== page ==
She quietly pulled the pot from under the bed and lifted its lid. She would just have to try and sneak out to empty it later after they had passed out. She was carefully sliding it back under when the sound of a chair scraping across the kitchen startled her. The pot clanged against the metal bed frame. The sound was louder than a dinner gong.
"Little One!" he shouted, suddenly remembering her presence in the house. "Little One, get down here right now!"
The words froze her and made her stomach hurt, but there was absolutely no question of not going and she trembled as she descended the stairs.
"Get in here! You're a smart little girl, I want your opinion. What do you think of a neighbour, a neighbour who..." The distant sound of a tractor claimed her father's attention.
"I hear him! I hear the bastard," he cried, jumping up and knocking over his chair.
He grabbed the .303 and the loaded clip from the gun rack, stormed out the door and jumped into the car.
"Where are you going? What are you doing, Morris? Stop it, Morris. Get back here!'" her mother scrambled behind, the child in tow.
"I'll kill him! I'll kill the double-dealing little prick," he swore, throwing the rifle on the floor and ramming the keys into the ignition.
"Go with your father! Calm him down!" were her mother's unbelievable words as she shoved her into the back seat, the door slamming just as he accelerated.
In two minutes they reached the road that turned left toward town, but her father plowed the tank-like '58 Fury straight ahead, knocking down part of Myschuk's fence and roaring across his newly swathed rows of grain..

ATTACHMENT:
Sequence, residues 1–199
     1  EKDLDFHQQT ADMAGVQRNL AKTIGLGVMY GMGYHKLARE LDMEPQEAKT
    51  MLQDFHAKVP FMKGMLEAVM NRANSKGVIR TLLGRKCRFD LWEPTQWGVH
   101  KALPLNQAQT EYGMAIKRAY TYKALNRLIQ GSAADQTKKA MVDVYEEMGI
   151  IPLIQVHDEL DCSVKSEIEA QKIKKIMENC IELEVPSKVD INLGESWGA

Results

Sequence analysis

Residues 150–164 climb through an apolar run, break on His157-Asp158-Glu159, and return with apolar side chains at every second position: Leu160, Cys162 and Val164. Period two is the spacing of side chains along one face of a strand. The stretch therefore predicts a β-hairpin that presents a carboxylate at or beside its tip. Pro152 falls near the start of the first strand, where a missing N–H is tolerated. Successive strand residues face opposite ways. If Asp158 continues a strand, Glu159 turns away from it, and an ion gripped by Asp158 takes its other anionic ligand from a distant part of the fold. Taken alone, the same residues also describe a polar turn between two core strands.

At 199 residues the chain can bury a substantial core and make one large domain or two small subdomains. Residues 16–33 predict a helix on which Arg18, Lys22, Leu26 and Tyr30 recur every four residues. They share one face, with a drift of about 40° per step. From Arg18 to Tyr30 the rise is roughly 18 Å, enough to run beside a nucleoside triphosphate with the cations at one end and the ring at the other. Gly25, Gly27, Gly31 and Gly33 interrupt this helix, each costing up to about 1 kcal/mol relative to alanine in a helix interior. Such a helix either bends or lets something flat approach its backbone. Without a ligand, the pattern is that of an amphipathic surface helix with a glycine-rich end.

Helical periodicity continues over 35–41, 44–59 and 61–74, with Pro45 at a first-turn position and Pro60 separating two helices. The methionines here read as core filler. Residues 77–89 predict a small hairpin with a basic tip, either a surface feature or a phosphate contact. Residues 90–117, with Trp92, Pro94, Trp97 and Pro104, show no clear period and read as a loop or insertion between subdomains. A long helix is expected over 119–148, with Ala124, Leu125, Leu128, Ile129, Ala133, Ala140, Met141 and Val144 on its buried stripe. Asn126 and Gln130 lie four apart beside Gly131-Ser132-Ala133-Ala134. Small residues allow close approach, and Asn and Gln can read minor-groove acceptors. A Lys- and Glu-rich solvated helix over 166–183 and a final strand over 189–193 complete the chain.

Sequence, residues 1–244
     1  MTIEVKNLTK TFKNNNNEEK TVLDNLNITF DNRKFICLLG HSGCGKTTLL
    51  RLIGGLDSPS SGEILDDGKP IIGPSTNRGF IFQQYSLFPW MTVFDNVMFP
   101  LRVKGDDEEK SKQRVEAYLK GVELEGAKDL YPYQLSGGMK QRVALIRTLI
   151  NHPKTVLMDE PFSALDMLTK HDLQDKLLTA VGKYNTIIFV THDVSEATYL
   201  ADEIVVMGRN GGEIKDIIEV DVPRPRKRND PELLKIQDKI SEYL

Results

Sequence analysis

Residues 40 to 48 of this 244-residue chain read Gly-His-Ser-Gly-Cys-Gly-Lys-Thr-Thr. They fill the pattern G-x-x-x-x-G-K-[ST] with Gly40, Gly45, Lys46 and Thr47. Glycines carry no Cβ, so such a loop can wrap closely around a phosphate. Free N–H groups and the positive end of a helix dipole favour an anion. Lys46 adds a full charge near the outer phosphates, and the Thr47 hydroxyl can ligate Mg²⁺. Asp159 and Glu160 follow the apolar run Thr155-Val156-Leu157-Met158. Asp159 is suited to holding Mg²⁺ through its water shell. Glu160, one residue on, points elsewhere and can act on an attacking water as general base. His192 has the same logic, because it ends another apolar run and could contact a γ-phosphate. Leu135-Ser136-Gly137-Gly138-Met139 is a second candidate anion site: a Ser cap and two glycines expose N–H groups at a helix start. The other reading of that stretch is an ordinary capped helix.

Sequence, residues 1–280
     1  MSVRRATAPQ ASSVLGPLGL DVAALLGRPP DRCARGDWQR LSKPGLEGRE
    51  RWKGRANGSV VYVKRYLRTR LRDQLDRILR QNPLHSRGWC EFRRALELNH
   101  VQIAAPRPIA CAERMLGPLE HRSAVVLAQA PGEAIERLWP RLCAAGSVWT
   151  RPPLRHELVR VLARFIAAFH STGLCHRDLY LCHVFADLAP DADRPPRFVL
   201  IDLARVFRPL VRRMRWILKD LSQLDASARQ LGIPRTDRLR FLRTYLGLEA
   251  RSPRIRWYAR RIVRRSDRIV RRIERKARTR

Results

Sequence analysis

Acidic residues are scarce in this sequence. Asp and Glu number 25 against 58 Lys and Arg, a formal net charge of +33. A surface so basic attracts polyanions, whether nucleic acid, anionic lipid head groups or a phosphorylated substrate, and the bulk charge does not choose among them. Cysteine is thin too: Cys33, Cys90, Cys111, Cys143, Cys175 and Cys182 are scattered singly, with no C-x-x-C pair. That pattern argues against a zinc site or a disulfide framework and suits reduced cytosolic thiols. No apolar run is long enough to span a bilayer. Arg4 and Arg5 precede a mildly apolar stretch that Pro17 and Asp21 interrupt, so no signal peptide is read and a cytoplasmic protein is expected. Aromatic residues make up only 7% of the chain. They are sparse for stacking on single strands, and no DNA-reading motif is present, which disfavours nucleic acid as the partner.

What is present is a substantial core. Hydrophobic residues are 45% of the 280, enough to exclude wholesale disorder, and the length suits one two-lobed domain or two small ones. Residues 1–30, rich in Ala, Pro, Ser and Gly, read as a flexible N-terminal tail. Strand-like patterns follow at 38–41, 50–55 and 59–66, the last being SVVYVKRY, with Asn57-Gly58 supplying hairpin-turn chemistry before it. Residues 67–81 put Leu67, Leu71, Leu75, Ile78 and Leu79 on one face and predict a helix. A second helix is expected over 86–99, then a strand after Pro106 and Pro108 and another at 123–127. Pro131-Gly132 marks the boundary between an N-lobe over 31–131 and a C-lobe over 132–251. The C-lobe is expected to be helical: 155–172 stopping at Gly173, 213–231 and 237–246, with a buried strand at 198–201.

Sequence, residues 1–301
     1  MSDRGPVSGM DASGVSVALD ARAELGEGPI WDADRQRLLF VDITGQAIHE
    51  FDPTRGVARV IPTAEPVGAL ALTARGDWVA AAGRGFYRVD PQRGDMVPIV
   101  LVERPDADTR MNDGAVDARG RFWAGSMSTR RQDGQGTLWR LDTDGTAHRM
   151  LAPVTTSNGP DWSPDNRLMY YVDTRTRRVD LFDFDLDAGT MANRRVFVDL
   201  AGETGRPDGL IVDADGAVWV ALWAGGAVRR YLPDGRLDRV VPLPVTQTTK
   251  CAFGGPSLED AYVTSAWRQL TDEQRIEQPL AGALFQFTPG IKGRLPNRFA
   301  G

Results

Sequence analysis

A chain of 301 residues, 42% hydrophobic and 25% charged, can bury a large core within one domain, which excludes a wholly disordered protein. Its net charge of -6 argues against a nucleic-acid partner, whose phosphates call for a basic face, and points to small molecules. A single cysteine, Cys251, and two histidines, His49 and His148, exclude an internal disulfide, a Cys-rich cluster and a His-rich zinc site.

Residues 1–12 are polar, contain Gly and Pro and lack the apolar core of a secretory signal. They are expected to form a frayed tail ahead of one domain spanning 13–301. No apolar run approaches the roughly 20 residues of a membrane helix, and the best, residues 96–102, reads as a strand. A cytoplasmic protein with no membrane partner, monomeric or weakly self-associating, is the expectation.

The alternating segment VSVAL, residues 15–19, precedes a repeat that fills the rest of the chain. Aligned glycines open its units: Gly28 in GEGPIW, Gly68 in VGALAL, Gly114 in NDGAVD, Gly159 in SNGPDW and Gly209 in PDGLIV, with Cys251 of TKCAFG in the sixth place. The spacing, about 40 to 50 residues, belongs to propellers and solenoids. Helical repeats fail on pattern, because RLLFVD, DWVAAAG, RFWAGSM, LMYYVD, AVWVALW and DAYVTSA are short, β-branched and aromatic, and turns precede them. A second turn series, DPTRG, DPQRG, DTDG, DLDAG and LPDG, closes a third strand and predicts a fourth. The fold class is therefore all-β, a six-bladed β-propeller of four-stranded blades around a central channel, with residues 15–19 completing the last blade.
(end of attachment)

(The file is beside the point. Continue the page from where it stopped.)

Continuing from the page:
"Oh please, oh please God, don't let him kill Mr. Myschuk," she prayed in white-faced terror, her blond head bobbing as the car bounced over the deep ruts and furrows toward the man obliviously circling his field.
"Daddy," she began.
He'd forgotten she was there.
"Stay the hell in the back seat and keep quiet."
He gunned the engine, shooting forward and pulling in front of the startled neighbour roaring, "Myschuk! You crooked prick!"
"Morris! Morris!" cried Mike Myschuk in surprise, killing the ignition and stepping down, his arms waving. "What is it Morris?"
Door swinging wide, her father charged from the car, the steel-blue glint off the long barrel a brilliant menace in the sunlight. "We had a deal, you Judas bastard," he said almost softly, pointing the rifle straight at the farmer's chest.
Myschuk paled to chalk under his deep red tan as the sound of the rifle cocking cracked in the still air.
Falling to his knees, his frenzied hands signing the cross, his terrified eyes streaming tears, he begged.
"No. Morris. Please, Morris, please no."
The finger on the trigger tightened and squeezed.
No shot rang out and no one moved in the surreal silence. A dark stain slowly spread down the front of Mike Myschuk's pants.
The child's breath seeped out and her small body collapsed back against the seat. Her father returned to the car in silence and drove quietly away while from out of the window she watched the trembling, weeping figure kneeling in the field grow smaller and smaller.
This is the last of six 2012 non-fiction contest winners. All six stories can be found at winnipegfreepress.com.